New York, NY (Top40 Charts)
On January 20, 2018, the Pittsburgh Symphony Orchestra, under the direction of Grammy Award-winning conductor Lucas
Richman, will premiere Kathryn Bostic's The August Wilson Symphony at Heinz
Hall for the Performing Arts. Tony Award winning actress Phylicia Rashad, who both performed and directed several of Wilson's plays, will serve as narrator for the event, reading passages from August Wilson's plays before each movement. Tickets are $25-$65 and are available online at www.pittsburghsymphony.org or by calling (412) 392-4900.
The August Wilson Symphony consists of 5 movements: The Great Migration, The Hill Illumined, Wiley
Avenue, The Oracle of Aunt Ester, and Exalted Roads of Truth and Triumph. The movements are inspired by the 10 plays Wilson wrote based on his life experiences growing up in Pittsburgh's Hill District. "I wanted to create a musical lens to reflect aspects of Mr. Wilson's plays," Bostic explained. "Each of the 5 movements has a particular essence and energy that correlates."
"I was immediately intrigued when Kathryn Bostic first informed me she was in the process of crafting a large-scale orchestral work to honor the legacy of renowned playwright, August Wilson," said Richman. "Based on my awareness of her work as a composer and knowing of her long-term association with the Wilson canon of plays, I knew no one would be better suited to this particular creative task than Kathryn and, thus, it became a personal mission for me to assist her in facilitating the proper launch of this remarkable new work."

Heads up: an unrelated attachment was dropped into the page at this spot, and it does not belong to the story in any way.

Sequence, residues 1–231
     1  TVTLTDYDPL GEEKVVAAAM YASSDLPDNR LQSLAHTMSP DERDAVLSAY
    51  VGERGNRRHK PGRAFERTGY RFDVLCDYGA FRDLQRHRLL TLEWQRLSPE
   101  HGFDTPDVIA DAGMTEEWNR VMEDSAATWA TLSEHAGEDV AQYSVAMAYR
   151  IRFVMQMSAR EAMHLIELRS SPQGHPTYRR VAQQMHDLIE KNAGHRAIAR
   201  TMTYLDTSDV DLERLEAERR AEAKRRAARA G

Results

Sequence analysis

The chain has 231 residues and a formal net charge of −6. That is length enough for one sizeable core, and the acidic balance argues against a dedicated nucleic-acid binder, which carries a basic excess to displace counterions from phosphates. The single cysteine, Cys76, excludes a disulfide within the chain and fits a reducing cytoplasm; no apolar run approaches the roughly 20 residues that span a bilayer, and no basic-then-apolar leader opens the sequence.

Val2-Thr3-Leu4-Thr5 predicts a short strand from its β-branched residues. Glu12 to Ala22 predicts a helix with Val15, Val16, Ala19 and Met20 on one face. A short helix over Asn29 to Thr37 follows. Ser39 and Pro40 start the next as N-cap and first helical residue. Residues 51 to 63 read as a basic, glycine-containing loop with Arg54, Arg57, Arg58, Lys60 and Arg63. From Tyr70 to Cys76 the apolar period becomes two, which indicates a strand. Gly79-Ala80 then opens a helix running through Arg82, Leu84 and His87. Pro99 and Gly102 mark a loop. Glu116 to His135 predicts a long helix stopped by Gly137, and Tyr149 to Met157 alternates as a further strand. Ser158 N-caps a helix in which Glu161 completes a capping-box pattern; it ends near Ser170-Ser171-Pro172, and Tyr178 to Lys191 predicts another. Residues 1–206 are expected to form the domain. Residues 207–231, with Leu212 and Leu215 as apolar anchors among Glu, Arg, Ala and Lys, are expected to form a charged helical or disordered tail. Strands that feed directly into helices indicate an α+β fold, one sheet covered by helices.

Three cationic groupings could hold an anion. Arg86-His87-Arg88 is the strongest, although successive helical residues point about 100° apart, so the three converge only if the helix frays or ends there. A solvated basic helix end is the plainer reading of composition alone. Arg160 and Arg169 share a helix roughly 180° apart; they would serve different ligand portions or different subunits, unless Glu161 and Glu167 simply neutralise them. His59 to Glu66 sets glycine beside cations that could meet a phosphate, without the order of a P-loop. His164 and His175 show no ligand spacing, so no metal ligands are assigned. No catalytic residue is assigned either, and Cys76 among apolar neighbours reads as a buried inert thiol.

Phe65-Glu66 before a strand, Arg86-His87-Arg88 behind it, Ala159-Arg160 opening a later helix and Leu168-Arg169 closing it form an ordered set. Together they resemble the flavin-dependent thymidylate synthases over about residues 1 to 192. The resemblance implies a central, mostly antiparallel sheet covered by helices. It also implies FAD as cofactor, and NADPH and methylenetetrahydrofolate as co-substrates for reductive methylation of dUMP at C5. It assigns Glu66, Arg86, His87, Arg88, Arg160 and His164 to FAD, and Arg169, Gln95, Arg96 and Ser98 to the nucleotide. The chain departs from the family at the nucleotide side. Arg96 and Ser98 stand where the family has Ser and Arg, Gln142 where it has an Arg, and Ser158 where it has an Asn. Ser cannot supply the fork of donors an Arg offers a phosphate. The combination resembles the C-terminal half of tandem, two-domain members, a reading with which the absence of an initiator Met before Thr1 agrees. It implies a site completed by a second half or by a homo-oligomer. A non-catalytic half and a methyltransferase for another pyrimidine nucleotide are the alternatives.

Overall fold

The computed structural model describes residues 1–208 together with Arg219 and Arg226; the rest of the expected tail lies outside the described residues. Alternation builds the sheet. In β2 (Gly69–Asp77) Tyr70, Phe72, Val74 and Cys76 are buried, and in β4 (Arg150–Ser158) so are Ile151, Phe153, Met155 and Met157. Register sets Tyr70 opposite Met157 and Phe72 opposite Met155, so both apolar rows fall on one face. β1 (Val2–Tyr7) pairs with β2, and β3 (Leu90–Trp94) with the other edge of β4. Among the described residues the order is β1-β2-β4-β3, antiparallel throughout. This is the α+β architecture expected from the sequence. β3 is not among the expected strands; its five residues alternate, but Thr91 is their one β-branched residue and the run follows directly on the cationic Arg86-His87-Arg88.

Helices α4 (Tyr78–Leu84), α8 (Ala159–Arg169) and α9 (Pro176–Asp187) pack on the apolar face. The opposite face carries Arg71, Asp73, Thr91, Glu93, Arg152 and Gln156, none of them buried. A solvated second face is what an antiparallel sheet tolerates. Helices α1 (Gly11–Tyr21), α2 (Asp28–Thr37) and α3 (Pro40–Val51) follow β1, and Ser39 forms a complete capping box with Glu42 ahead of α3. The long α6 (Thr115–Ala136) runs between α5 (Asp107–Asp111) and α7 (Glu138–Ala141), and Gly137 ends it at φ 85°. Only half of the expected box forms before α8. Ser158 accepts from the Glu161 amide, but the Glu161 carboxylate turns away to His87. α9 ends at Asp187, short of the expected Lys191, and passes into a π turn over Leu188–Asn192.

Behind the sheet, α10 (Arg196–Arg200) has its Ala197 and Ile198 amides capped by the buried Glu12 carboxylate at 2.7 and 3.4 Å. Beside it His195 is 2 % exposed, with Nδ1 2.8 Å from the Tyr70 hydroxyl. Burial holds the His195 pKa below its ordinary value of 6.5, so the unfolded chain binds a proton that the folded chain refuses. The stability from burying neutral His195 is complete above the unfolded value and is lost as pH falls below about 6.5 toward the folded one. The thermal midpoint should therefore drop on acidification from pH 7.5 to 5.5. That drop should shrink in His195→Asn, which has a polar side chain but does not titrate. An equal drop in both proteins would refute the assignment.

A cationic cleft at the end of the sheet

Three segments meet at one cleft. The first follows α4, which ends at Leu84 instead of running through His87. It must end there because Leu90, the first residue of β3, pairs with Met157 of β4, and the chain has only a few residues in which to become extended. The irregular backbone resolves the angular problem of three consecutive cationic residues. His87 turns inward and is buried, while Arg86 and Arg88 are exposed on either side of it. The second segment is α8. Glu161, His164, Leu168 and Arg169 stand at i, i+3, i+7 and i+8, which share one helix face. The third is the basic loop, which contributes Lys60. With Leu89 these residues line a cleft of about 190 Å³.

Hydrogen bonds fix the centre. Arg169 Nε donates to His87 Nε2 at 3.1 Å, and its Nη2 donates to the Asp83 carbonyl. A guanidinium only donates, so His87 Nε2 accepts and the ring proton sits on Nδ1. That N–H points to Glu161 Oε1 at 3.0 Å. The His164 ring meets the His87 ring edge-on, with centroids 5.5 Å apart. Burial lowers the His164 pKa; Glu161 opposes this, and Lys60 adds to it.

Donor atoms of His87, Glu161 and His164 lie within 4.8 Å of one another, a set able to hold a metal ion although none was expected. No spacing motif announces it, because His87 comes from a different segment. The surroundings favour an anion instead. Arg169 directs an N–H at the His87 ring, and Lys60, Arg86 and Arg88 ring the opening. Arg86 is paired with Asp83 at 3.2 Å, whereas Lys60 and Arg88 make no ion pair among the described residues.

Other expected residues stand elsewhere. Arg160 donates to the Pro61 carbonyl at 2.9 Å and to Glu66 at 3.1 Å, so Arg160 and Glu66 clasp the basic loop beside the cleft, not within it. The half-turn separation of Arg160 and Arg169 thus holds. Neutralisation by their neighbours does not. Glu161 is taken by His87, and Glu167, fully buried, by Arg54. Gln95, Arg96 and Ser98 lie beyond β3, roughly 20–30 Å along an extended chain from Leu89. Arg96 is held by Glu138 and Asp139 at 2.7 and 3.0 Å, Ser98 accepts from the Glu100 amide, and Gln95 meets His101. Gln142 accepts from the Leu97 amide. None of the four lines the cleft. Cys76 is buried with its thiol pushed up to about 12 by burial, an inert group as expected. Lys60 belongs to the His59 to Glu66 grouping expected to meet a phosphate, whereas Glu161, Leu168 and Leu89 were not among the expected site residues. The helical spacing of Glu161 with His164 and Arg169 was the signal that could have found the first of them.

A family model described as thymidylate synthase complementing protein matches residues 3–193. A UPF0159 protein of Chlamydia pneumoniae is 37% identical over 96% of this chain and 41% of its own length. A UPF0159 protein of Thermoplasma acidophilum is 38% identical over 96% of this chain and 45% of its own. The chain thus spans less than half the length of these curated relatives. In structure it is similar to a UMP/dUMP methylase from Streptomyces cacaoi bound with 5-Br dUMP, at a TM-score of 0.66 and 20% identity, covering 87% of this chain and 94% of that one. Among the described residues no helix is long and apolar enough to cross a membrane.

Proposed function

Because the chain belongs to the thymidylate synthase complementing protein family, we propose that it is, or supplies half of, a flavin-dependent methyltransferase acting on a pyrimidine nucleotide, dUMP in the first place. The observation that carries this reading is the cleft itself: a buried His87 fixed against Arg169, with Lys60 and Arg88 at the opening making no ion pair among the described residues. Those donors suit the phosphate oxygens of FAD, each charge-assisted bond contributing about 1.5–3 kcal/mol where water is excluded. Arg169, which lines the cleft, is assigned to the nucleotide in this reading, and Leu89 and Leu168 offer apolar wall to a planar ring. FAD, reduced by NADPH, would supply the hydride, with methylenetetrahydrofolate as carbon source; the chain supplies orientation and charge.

Bostic, who scored several of Wilson's theatrical productions including Gem of the Ocean (Broadway) and Joe Turner's Come and Gone, which was directed by Rashad. She also scored the PBS American Masters documentary, produced by WQED, August Wilson-The Ground on Which I Stand. It was this documentary that inspired Kathryn to create The August Wilson Symphony.
"The overall influence Mr. Wilson has had on me is immense," said Bostic. "His awareness of his unique gift in storytelling African American lifestyle and history has helped me to appreciate the power of individual expression and its importance for me as an artist."
In addition to the performance of The August Wilson Symphony, Bostic will join the Pittsburgh Symphony Orchestra to perform her song "State of Grace" as a special memorial for Wilson.
Special thanks to The August Wilson Estate, The Pittsburgh Symphony Orchestra, Lucas
Richman, Sundance Institute
Program/Time Warner Fellowship.
KATHRYN BOSTIC ON THE AUGUST WILSON SYMPHONY
The first movement, "The Great Migration," is based on opening text from Joe Turner's Come and Gone, which speaks of the great journeying African Americans took from rural south to cities in the north.
The second movement, "The Hill Illumined," reflects the mystical element in Mr. Wilson's work that is found throughout his plays.
The third movement, "Wiley Avenue," is the setting for the home of the character Aunt Ester, as well as being a historic and cultural nucleus for the African American community; for many years it was the epicenter for a vibrant nightlife featuring world-renowned artists and jazz musicians.
The fourth movement, "The Oracle of Aunt Ester," honors the matriarch central in all of August Wilson's plays, "Aunt Ester." Even without specific reference to her, her archetypal presence is apparent. Aunt Ester is the spiritual and grounding tour de force in Mr. Wilson's plays.
The fifth movement, "Exalted Roads of Truth and Triumph," is a convergence of all the paths and characters that have been created by Mr. Wilson's epic gift of Griot, writer and activist.
ABOUT KATHRYN BOSTIC